Mentions: Double labeling of sections of human foreskin with polyclonal antibodies (pAb) directed against GS (green, Figure 1A) and monoclonal antibodies (mAb) against bovine GFAP (red, Figure 1B) revealed almost complete co-localization of both proteins in all layers of the epidermis: stratum basale (magenta arrows throughout Figure 1), stratum spinosum, stratum granulosum and stratum corneum (blue arrows throughout Figure 1). Similar spatial distribution of GS and GFAP was illustrated by intense yellow staining of epidermis in merged micrographs (Figure 1C). In young foreskin, the stratum corneum is very thin. The reaction of GS was particularly strong in stratum granulosum and stratum corneum and slightly weaker in stratum basale and stratum spinosum. In the dermis of these skin samples (white arrows), GS was expressed weaker than in epidermis (cf. structures indicated by blue and white arrows in Figures 1A, C). Similar findings for GS were obtained also in older foreskin (not shown).

Bottom Line: While GS staining was pronounced in all layers of the epidermis of young human skin, staining was reduced and more differentiated among different layers with age.Inhibition of, glycogen synthase kinase 3beta in cultured keratinocytes and HaCaT cells, however, did not support a direct role of beta-catenin in regulation of GS.Prominent posttranscriptional up-regulation of GS activity in keratinocytes by ammonium ions in conjunction with widespread distribution of GS immunoreactivity throughout the epidermis allows considering the skin as a large reservoir of latent GS.

View Article: PubMed Central - PubMed

Affiliation: Department of Clinical Pharmacology, University Hospital of Tübingen, Tübingen, Germany.

ABSTRACT
In inner organs, glutamine contributes to proliferation, detoxification and establishment of a mechanical barrier, i.e., functions essential for skin, as well. However, the age-dependent and regional peculiarities of distribution of glutamine synthetase (GS), an enzyme responsible for generation of glutamine, and factors regulating its enzymatic activity in mammalian skin remain undisclosed. To explore this, GS localization was investigated using immunohistochemistry and double-labeling of young and adult human and rat skin sections as well as skin cells in culture. In human and rat skin GS was almost completely co-localized with astrocyte-specific proteins (e.g. GFAP). While GS staining was pronounced in all layers of the epidermis of young human skin, staining was reduced and more differentiated among different layers with age. In stratum basale and in stratum spinosum GS was co-localized with the adherens junction component beta-catenin. Inhibition of, glycogen synthase kinase 3beta in cultured keratinocytes and HaCaT cells, however, did not support a direct role of beta-catenin in regulation of GS. Enzymatic and reverse transcriptase polymerase chain reaction studies revealed an unusual mode of regulation of this enzyme in keratinocytes, i.e., GS activity, but not expression, was enhanced about 8-10 fold when the cells were exposed to ammonium ions. Prominent posttranscriptional up-regulation of GS activity in keratinocytes by ammonium ions in conjunction with widespread distribution of GS immunoreactivity throughout the epidermis allows considering the skin as a large reservoir of latent GS. Such a depository of glutamine-generating enzyme seems essential for continuous renewal of epidermal permeability barrier and during pathological processes accompanied by hyperammonemia.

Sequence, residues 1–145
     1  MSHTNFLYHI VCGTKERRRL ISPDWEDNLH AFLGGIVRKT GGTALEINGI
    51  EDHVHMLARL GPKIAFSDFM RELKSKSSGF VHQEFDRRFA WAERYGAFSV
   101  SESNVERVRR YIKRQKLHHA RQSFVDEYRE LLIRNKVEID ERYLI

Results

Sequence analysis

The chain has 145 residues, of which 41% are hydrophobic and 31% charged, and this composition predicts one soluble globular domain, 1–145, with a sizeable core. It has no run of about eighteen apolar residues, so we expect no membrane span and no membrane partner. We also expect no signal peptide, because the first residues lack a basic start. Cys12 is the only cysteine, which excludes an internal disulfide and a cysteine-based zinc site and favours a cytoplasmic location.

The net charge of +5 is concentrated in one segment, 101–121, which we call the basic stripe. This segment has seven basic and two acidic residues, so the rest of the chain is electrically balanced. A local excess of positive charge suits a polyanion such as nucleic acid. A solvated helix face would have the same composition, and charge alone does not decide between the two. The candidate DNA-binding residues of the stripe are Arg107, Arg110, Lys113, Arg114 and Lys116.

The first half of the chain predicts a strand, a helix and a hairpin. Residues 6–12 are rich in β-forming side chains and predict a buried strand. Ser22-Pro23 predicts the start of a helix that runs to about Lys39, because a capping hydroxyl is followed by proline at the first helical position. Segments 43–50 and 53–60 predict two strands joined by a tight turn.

Show MeSH
Related in: MedlinePlus